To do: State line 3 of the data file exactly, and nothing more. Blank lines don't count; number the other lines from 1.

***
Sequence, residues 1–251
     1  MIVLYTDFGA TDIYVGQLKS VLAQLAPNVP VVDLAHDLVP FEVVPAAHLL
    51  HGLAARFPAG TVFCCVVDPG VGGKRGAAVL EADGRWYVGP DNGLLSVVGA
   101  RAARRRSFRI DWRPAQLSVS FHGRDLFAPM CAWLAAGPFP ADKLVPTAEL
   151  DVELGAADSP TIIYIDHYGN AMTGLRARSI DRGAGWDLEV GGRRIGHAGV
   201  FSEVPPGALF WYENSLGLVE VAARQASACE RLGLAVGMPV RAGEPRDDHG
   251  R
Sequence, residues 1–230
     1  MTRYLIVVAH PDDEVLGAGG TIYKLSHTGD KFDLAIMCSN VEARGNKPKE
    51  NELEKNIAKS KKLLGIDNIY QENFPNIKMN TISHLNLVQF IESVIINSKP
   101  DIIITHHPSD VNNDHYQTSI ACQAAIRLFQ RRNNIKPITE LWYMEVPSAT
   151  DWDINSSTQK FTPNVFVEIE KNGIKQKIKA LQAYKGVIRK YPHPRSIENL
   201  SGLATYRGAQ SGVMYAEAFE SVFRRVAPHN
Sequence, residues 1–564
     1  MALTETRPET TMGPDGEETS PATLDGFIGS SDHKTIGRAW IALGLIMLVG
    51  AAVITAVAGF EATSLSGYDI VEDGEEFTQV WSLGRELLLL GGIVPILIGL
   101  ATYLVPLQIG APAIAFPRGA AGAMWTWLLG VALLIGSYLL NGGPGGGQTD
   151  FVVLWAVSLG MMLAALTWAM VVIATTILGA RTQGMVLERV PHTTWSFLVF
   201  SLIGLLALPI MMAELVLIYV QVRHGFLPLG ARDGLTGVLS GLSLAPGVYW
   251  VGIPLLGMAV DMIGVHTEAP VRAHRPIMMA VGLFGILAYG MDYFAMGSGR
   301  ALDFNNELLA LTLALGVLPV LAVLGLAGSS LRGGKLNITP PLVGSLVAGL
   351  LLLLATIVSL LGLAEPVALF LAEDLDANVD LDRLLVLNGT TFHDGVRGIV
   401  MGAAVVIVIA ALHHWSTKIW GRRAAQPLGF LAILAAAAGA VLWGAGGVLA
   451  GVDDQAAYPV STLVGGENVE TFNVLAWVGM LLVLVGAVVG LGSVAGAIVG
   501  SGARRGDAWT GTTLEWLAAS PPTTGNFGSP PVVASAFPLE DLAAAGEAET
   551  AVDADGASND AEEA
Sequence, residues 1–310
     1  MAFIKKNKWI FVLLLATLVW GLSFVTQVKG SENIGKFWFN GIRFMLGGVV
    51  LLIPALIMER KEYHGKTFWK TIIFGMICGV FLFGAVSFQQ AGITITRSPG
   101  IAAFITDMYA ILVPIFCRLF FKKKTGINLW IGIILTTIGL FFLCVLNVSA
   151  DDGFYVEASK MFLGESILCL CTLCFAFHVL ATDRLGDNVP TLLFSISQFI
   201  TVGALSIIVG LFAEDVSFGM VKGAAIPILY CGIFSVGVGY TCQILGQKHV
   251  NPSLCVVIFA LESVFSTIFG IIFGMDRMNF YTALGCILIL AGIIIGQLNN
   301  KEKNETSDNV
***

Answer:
    51  HGLAARFPAG TVFCCVVDPG VGGKRGAAVL EADGRWYVGP DNGLLSVVGA